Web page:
Well, I've been back from church youth camp over a week, and am just now finding the time to blog about it. It was exhausting, but fantastic! Over 100 students (grades 7-12) from our church headed down to Doublehead Resort in Town Creek, Alabama on July 18. We were joined there by the youth from First Baptist Church, New Orleans. The kids from our church immediately hit it off with the kids from New Orleans. God worked in both groups in mighty ways.
One of the unexpected events of the week happened just after worship on Wednesday night. As I was talking to Patrick on my cell phone, a nearby substation blew and all the power went out at the camp. With no emergency lights, the camp was darker than dark. The students hadn't had enough time to get too far away from the worship tent, but still a few had started heading for their cabins. I immediately went into our cabin to find the keys to my truck. I turned the truck around to shine the lights on the kids. Tim, our camp dad, told me over the two-way radio to gather up all the bucket citronella candles, and take them over to the lodge where we were scheduled to have a dramatic presentation. We got about 30 candles in bed of the truck, and it was full, so I headed over to the lodge. All the students gathered by age group in front of the lodge and all were accounted for. That was a major relief. All of them were very cooperative and moved in a very orderly fashion through the candlelit lodge to the back porch for the drama presentation. The drama was far more effective without power than it would have been with lights and microphones. It was a Greek drama, and so the lack of electricity seemed appropriate. Just as we had gotten almost all the students back to their cabins, the lights came back on. I was very relieved because it could have been a long, hot night.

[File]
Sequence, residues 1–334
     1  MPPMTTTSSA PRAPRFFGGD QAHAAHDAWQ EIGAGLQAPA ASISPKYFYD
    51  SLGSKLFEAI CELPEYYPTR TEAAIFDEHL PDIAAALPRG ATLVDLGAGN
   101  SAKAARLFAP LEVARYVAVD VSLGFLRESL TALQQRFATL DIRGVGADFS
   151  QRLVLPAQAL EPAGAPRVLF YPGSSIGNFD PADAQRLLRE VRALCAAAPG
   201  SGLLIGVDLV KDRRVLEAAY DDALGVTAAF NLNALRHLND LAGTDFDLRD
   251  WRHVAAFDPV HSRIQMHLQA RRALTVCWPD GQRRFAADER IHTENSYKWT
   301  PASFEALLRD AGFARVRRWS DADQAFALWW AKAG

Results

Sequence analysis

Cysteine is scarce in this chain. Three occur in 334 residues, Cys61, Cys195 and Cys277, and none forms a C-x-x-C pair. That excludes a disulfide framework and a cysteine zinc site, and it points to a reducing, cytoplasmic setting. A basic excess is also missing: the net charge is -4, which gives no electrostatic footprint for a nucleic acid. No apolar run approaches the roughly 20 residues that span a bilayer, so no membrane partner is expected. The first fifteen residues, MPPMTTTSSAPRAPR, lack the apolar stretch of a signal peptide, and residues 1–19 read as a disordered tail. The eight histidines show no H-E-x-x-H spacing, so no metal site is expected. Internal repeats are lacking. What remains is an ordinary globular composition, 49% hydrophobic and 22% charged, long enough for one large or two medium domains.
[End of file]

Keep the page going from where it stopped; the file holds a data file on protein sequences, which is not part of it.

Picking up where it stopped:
Since this was my first year at camp, I didn't know quite what to take so I took a lot. There were several things that I took with me to camp that were extremely useful:
1. Church credit card - Tracy and I were responsible for keeping the vans that shuttled the students around camp full of gas. We had two vans and two 15-passenger church buses. Every vehicle had to be filled up every other day. This would not have been such a big deal except that the nearest gas station was about ten miles away. This is very rural Alabama. Also, we went to Wal-Mart for various supplies almost every day. The nearest Wal-Mart was in Muscle Shoals, which was thirty miles away. Obviously, I did a lot of driving that week.
2. Pickup truck - I drove the pickup truck with my luggage and my food for the week down there. I didn't know how much of the food there would be on my high-fiber, no-lactose diet, so I thought I had better be prepared. The truck turned out to be quite valuable not only the night the lights went out, but at various other times in the week. Doublehead Resort is a mile from end to end and vehicles are crucial to the success of camp.
3. A Sharpie - If I go next year, I'll bring a case.
4. Laptop computer - I uploaded pictures to the website every day, and kept the parents back home updated. Unfortunately, I only had dialup internet access. I hadn't dialed up since 1999. I never appreciated broadband so much. I also took a pack of blank CDs not knowing I would be offloading pictures off of the Hall's camera every day and burning them to CDs so I could wipe their Compact Flash card.
5. A willing spirit - It was hot, and I got very tired, but I kept going because the reason we were there was so important. Several of the students made decisions to follow Christ that week, and that made everything we did, no matter how mundane, worthwhile.